Xi drops generals in continued military shakeup
China’s military is preparing a sweeping leadership reshuffle, dropping top generals, including two that sources say are under investigation for corruption.
The changes would make room for President Xi Jinping to install trusted allies in key positions at a party congress that begins October 18, 2017.
A list of 303 military delegates to the Communist Party Congress, published by the army’s official newspaper, excluded Fang Fenghui and Zhang Yang, both members of the Central Military Commission. The commission is China’s top military decision-making body.
Reuters reported that the 66-year-old Fang, pictured, who accompanied Xi to his first meeting with U.S. President Donald Trump in April 2017, is being questioned on suspicion of corruption.
Three sources familiar with the matter said Zhang, director of the military’s Political Work Department, is also the subject of a probe. China’s Defense Ministry did not respond to a request for comment.
The personnel changes herald a clean sweep of the top-ranking generals heading up the department. All three of Zhang’s deputies – Jia Tingan, Du Hengyan and Wu Changde – were also missing from the list of congress delegates.
“This is a very clear message: They’re out,” said Cheng Li, a Brookings Institution expert on Chinese elite politics. “Their political careers have come to an end.”
News reports in early September 2017 carried by the People’s Liberation Army Daily newspaper and the official news agency Xinhua abruptly referred to the navy’s political commissar, Miao Hua, as the Political Work Department director, despite no official announcement of Zhang being replaced.
The department is in charge of inspiring political thought and makes military personnel decisions. The Political Work Department used to be headed by Xu Caihou, who along with a fellow former vice chairman of the military commission, Guo Boxiong, was accused of taking bribes in exchange for promotions. Guo was jailed for life in 2016, while Xu died of cancer in 2015 before he could face trial.
Also among the key omissions from the list published in September 2017 were Du Jincai, who was replaced as the military’s anti-corruption chief in March 2017, and Cai Yingting, who left his post as head of the army’s Academy of Military Science in January 2017.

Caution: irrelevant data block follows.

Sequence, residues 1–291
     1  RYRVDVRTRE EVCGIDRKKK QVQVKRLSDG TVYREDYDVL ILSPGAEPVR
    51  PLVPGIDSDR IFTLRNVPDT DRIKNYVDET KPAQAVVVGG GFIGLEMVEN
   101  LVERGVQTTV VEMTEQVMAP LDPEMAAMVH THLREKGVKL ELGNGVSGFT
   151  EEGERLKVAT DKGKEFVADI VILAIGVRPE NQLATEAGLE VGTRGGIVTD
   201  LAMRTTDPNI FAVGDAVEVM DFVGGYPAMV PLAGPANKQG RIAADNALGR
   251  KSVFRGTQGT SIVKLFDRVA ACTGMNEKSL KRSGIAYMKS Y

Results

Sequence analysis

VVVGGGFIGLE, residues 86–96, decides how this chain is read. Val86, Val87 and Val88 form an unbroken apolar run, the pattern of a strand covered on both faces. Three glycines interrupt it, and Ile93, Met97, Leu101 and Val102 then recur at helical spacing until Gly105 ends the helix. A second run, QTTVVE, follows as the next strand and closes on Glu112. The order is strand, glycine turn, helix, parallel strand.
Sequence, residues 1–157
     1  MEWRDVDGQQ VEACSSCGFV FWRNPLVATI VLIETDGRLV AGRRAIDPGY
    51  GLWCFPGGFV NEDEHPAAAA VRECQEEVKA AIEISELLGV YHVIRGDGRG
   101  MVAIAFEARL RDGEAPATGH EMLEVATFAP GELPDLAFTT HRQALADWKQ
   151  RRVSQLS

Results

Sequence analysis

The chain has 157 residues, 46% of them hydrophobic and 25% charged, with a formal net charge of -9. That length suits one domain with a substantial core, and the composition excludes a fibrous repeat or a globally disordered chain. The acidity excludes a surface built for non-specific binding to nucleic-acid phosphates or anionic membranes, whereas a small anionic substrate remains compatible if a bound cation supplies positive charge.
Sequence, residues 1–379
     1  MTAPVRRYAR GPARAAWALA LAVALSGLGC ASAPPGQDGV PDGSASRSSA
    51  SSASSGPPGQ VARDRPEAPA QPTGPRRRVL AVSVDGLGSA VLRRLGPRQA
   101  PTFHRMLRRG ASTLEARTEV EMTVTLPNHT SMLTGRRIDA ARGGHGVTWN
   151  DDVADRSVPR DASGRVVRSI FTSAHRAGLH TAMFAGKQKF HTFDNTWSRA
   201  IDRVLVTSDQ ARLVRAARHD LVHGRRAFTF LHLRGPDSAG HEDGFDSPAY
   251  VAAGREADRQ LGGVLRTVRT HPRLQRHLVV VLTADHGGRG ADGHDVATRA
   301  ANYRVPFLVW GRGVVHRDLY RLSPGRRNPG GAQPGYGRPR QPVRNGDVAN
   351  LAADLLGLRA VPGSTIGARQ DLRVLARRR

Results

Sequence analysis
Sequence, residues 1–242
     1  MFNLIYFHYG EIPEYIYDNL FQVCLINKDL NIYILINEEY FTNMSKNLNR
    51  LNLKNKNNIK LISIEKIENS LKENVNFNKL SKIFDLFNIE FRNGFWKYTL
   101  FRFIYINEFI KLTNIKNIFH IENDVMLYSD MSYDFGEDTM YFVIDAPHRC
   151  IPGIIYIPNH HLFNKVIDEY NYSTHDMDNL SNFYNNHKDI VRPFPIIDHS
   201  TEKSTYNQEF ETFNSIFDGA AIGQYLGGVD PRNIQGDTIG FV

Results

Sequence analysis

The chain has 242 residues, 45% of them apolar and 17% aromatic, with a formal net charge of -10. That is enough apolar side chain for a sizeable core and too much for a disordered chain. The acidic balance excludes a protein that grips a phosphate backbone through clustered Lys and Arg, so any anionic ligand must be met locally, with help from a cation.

Taking into account officials who are likely to retire, as many as seven of the 11 spots on the military commission may be vacated, strengthening talk in Chinese political circles that the body may be streamlined.
Xi, who is commander in chief of China’s armed forces, currently chairs the commission, which also has two vice chairmen and eight committee members. Two sources familiar with the matter said the commission may be cut down to Xi and four vice chairmen, doing away with committee members and streamlining reporting lines.
Li, the Brookings expert, said that among those likely to be central to the army’s refreshed leadership were Miao; Li Zuocheng, who took over from Fang as chief of the Joint Staff Department in August 2017; and the three commanders of the army’s ground, air and naval forces: Han Weiguo, Ding Laihang and Shen Jinlong.
The fact that all five were newly appointed in 2017 and were not members of the Communist Party’s 200-odd strong Central Committee, Li said, reflected the extent to which Xi was rejuvenating the leadership.
“This is really a major step from Xi Jinping to consolidate his authority to promote the young, those who have some professional experience,” but are “not corrupted and certainly not belonging to the factions of Guo Boxiong and Xu Caihou,” he said.